University of Oulu

Molecular and cell phenotype changes in mitochondrial diseases

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Author: Annunen-Rasila, Johanna1,2
Organizations: 1University of Oulu, Faculty of Medicine, Department of Neurology
2University of Oulu, Faculty of Medicine, Clinical Research Center
Format: ebook
Version: published version
Access: open
Online Access: PDF Full Text (PDF, 1.1 MB)
Persistent link:
Language: English
Published: 2007
Publish Date: 2007-06-05
Thesis type: Doctoral Dissertation
Defence Note: Academic dissertation to be presented, with the assent of the Faculty of Medicine of the University of Oulu, for public defence in Auditorium 101 A of the Faculty of Medicine (Aapistie 5 A), on June 15th, 2007, at 12 noon
Reviewer: Professor Olli Carpén
Research director Antero Salminen


The mitochondrial oxidative phosphorylation system (OXPHOS) generates energy but also deleterious reactive oxygen species (ROS). Changes in the cytoskeleton, composed mainly of microfilaments, microtubules and intermediate filaments, have been observed in OXPHOS deficiency. The 3243A>G point mutation in mitochondrial DNA (mtDNA) leads to mitochondrial encephalomyopathy, lactic acidosis and stroke-like episodes (MELAS), which is the most common mitochondrial disease. Interestingly, mitochondrial aberrations have been demonstrated in patients with a mutation in NOTCH3, the genetic cause of cerebral autosomal dominant arteriopathy with subcortical infarcts and leukoencephalopathy (CADASIL).

Randomization of vimentin intermediate filament direction and length together with slower population growth was observed in myoblasts with 3243A>G, with no difference in the amount of apoptotic cell death. Upon complex IV inhibition (with or without the microtubule-depolymerizing compound nocodazole) or a lack of mtDNA (ρ0) in osteosarcoma cells the vimentin network collapsed perinuclearly, forming thick bundles, whereas complex I inhibition led to thinner vimentin network bundles. Furthermore, the amount of vimentin was increased in ρ0 cells. Mitochondria accumulated around the nucleus upon complex IV inhibition and in ρ0 cells. Analysis of the total proteome revealed that specific OXPHOS deficiencies led to changes in the expression of cytoskeletal proteins and proteins involved in apoptosis, OXPHOS, glycolysis and oxidative stress response. Muscle histochemical and genetic analysis showed ragged red fibres and cytochrome c oxidase-negative fibres to be associated with 5650G>A in a patient with R133C in NOTCH3 and 5650G>A in MTTA. Immunolabelling of cells with R133C and 5650G>A revealed a sparse tubulin network with asters and less abundant mitochondria by comparison with control cell lines. Comparison of nucleotide diversity between CADASIL pedigrees and controls showed increased mtDNA sequence variation in the CADASIL patients. Also maternal relatives in two CADASIL pedigrees differed from each other in their mtDNA.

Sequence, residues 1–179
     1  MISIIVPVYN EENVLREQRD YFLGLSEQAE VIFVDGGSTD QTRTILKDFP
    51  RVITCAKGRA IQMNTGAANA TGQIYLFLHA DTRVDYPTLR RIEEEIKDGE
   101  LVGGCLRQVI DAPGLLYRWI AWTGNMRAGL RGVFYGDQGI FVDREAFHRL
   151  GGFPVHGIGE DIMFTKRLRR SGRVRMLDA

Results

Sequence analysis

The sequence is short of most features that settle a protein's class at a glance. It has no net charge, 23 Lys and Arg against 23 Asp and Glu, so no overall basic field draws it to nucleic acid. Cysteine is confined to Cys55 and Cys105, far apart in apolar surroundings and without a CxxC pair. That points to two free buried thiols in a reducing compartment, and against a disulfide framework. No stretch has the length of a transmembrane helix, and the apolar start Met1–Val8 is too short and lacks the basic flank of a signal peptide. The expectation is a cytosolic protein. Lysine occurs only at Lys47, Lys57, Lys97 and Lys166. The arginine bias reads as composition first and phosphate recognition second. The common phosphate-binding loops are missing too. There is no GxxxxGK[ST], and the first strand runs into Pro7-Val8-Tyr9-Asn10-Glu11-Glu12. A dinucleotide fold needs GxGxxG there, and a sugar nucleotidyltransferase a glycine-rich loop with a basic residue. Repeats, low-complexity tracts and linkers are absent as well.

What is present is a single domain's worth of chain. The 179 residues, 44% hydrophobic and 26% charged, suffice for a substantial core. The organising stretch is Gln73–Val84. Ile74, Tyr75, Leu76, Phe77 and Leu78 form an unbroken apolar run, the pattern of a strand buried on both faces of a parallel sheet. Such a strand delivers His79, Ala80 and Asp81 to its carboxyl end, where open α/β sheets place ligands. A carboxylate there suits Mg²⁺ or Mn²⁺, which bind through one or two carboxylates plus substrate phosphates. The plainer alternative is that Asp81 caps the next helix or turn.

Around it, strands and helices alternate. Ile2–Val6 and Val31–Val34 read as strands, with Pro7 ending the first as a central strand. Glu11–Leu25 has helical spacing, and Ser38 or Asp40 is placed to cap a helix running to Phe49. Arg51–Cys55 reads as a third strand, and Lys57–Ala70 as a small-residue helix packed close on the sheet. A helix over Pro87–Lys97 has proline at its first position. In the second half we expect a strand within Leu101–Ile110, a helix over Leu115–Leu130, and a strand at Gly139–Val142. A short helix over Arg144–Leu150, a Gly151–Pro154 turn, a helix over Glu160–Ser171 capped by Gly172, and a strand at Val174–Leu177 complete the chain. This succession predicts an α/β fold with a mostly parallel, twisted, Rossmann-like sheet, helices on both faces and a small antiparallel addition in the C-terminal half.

These findings suggest that defects in OXPHOS lead to selective changes in the vimentin network, which may have a role in the pathophysiology of mitochondrial diseases. They also suggest a relationship between NOTCH3 and mtDNA, and establish the pathogenicity of 5650G>A. The overall results emphasize that a deficiency in the energy converting system together with oxidative stress can lead to cytoskeletal changes.

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Series: Acta Universitatis Ouluensis. D, Medica
ISSN-E: 1796-2234
ISBN: 978-951-42-8442-7
ISBN Print: 978-951-42-8441-0
Issue: 923
Copyright information: © University of Oulu, 2007. This publication is copyrighted. You may download, display and print it for your own personal use. Commercial use is prohibited.